An Example of Fragmentation in Disease Surveillance Systems

A recent study—based on a survey of public health officials in all 50 states, the District of Columbia, and New York City—of the Centers for Disease Control and Prevention's (CDC's) surveillance for food-borne illness notes that 20 different surveillance systems record information about food-borne illnesses and pathogens (GAO, 2001a). Of these, only four principal systems focus exclusively on food-borne illnesses and cover more than one pathogen:

1. The Foodborne Disease Outbreak Surveillance System (FDOSS) collects nationwide data about the incidence and causes of food-borne outbreaks. It relies on local health officials to take the initiative to report outbreaks to CDC through their state public health officials. CDC and others use this system mainly to maintain awareness of ongoing problems.

2. FoodNet actively collects information in nine geographic areas on nine specific food-borne pathogens, as well as on hemolytic-uremic syndrome (a complication of Escherichia coli O157:H7 infection), Guillain-Barre syndrome (a complication of Campylobacter infection), and toxoplasmosis. Public health officials who participate in FoodNet receive federal funds from CDC to systematically contact laboratories in their general area and solicit incidence data. This system provides more accurate estimates of the occurrence of food-borne diseases than are otherwise available.

3. PulseNet is used to identify whether separate cases of illness are likely to have originated from the same source. Using this system, public health officials can compare the new patterns to other patterns in the database; matches indicate an outbreak.

4. The Surveillance Outbreak Detection Algorithm (SODA) focuses on Salmonella and Shigella and uses statistical analyses to compare current data against a historical baseline to detect unusual increases in the incidence of these two pathogens. Increases may indicate an outbreak.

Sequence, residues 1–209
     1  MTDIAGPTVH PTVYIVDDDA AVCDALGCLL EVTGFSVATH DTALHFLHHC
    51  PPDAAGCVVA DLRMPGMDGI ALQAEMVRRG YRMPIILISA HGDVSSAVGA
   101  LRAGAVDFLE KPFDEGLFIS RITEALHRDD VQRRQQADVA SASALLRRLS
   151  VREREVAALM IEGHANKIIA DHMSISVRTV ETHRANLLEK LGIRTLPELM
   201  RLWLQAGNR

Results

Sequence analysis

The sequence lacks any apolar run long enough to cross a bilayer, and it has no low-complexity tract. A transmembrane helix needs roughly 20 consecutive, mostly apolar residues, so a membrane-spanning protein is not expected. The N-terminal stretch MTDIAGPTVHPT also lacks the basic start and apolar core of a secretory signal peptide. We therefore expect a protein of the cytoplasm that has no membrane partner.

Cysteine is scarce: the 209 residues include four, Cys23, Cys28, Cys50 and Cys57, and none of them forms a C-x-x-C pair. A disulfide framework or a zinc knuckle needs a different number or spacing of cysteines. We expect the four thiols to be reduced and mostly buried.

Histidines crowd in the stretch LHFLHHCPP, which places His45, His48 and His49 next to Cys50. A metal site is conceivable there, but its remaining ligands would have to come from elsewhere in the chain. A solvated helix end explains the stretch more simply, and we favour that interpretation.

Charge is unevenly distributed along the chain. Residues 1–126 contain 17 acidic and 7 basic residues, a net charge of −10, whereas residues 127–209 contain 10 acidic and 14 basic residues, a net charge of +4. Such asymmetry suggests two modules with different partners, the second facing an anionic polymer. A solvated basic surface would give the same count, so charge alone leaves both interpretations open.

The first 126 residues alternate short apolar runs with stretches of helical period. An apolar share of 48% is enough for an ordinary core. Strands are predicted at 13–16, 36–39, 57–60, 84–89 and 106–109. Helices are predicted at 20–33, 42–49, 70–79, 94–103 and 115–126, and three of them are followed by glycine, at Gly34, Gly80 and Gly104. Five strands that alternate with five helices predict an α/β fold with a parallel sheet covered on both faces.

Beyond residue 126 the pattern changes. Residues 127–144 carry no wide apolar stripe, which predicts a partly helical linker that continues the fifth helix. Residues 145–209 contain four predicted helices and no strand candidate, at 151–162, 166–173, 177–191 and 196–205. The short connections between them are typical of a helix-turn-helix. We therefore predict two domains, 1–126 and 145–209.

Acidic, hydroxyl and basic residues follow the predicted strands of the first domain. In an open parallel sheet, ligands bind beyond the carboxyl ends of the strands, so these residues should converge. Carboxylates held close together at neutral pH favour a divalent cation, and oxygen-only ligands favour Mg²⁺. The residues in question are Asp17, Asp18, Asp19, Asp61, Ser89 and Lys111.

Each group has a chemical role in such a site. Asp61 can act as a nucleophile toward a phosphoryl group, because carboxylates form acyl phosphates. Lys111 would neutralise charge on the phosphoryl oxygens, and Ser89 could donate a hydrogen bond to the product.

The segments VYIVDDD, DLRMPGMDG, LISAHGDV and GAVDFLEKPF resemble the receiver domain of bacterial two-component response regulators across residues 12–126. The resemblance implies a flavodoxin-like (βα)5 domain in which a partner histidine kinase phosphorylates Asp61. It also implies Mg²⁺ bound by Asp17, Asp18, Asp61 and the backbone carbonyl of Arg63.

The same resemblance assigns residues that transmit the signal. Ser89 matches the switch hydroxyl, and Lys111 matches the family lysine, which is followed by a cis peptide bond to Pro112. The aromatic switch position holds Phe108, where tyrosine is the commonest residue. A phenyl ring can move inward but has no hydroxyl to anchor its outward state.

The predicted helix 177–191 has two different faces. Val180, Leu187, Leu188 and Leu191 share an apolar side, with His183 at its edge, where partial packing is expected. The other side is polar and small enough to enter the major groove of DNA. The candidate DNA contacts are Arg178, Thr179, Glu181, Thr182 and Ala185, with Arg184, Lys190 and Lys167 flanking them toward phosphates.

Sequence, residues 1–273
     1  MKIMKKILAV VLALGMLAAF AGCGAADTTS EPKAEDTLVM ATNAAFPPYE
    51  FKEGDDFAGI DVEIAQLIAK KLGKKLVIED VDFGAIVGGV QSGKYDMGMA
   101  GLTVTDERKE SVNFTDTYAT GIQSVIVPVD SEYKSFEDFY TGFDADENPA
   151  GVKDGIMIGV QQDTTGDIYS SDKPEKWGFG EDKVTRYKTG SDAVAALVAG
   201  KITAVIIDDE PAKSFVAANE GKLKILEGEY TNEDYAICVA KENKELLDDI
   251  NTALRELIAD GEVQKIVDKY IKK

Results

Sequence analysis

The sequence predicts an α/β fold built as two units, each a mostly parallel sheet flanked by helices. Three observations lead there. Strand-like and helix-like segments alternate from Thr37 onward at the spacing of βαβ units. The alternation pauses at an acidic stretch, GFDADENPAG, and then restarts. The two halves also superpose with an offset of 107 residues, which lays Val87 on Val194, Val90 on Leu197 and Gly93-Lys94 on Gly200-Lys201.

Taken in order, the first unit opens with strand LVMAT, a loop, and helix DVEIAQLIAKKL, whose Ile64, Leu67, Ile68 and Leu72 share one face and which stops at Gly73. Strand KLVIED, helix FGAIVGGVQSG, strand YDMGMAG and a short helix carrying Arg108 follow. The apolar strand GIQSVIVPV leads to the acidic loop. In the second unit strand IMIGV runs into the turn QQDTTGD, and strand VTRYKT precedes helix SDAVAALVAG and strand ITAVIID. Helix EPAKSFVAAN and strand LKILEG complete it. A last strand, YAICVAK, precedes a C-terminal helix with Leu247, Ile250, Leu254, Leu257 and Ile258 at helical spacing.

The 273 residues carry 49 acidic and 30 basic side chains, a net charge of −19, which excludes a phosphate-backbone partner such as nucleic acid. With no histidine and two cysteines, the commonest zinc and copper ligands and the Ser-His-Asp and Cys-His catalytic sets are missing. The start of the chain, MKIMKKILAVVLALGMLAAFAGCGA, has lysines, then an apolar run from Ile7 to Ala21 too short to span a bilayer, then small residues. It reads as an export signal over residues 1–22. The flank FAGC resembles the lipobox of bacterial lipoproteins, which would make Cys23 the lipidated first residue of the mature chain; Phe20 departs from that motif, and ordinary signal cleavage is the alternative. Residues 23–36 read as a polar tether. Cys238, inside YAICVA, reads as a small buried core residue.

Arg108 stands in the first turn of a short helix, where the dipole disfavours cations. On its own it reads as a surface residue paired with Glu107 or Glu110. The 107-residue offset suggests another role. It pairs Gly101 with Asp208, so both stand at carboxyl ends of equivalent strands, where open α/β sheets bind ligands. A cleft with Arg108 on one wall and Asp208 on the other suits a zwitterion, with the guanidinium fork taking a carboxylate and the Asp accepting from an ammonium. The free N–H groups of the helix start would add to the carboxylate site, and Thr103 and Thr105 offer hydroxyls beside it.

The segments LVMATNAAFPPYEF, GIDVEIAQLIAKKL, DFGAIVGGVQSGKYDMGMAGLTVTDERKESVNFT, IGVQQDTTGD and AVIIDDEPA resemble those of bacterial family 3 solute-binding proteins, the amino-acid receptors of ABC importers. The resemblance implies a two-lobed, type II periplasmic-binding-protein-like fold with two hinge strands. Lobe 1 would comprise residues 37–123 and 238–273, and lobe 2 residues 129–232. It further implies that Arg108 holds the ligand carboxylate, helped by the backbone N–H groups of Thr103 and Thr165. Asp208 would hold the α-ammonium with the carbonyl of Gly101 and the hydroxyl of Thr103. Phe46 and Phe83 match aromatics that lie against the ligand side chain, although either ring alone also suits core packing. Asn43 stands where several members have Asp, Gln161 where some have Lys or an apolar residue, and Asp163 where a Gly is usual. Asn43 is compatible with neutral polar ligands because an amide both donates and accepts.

Although these four systems have contributed to improved food safety, the usefulness of the systems is marred both by the untimely release of the surveillance data and by gaps in the collected data. Twenty-six of the General Accounting Office survey respondents said that delays in publishing data from the FDOSS diminished the usefulness of the system. Many also said that rapid release of data from FoodNet, PulseNet, and SODA would make these systems more useful.

CDC attributed the delays in data dissemination to shortages in staffing. Additional staff have been hired since then, and they are training state and local health officials about the reporting needs of both state health departments and CDC (GAO, 2001a). However, CDC also noted that some of the delays in releasing information were due to the occasionally untimely reporting of surveillance data by state and local public health officials. Survey respondents said the problem is caused in part by shortages of trained epidemiologists in state and local health departments and by deficiencies in laboratory capabilities. Survey respondents also noted that the decisions regarding which diseases are tracked are made at the state level, which adds to the variability and incompleteness of the data when they are aggregated at the national level.


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